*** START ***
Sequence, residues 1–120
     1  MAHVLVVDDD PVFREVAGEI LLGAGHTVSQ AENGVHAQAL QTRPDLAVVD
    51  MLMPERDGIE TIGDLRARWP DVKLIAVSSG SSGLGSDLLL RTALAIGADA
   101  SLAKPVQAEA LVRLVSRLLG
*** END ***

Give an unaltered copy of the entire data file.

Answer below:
Sequence, residues 1–120
     1  MAHVLVVDDD PVFREVAGEI LLGAGHTVSQ AENGVHAQAL QTRPDLAVVD
    51  MLMPERDGIE TIGDLRARWP DVKLIAVSSG SSGLGSDLLL RTALAIGADA
   101  SLAKPVQAEA LVRLVSRLLG